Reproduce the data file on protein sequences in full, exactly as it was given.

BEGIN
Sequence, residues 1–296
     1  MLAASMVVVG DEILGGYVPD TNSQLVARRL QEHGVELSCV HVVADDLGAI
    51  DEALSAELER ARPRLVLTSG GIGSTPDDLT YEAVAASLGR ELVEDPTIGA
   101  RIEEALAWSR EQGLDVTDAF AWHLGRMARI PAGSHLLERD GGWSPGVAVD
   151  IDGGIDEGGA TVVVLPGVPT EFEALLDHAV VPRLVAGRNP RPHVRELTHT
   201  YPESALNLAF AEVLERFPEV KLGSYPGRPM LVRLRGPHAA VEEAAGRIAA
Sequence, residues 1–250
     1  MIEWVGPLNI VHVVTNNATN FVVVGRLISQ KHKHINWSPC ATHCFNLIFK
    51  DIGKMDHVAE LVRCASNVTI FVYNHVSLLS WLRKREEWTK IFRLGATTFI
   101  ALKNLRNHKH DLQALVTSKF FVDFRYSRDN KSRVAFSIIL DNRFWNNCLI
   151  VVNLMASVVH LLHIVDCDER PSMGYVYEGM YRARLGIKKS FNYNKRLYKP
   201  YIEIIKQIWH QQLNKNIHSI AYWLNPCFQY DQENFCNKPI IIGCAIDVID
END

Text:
Sequence, residues 1–296
     1  MLAASMVVVG DEILGGYVPD TNSQLVARRL QEHGVELSCV HVVADDLGAI
    51  DEALSAELER ARPRLVLTSG GIGSTPDDLT YEAVAASLGR ELVEDPTIGA
   101  RIEEALAWSR EQGLDVTDAF AWHLGRMARI PAGSHLLERD GGWSPGVAVD
   151  IDGGIDEGGA TVVVLPGVPT EFEALLDHAV VPRLVAGRNP RPHVRELTHT
   201  YPESALNLAF AEVLERFPEV KLGSYPGRPM LVRLRGPHAA VEEAAGRIAA
Sequence, residues 1–250
     1  MIEWVGPLNI VHVVTNNATN FVVVGRLISQ KHKHINWSPC ATHCFNLIFK
    51  DIGKMDHVAE LVRCASNVTI FVYNHVSLLS WLRKREEWTK IFRLGATTFI
   101  ALKNLRNHKH DLQALVTSKF FVDFRYSRDN KSRVAFSIIL DNRFWNNCLI
   151  VVNLMASVVH LLHIVDCDER PSMGYVYEGM YRARLGIKKS FNYNKRLYKP
   201  YIEIIKQIWH QQLNKNIHSI AYWLNPCFQY DQENFCNKPI IIGCAIDVID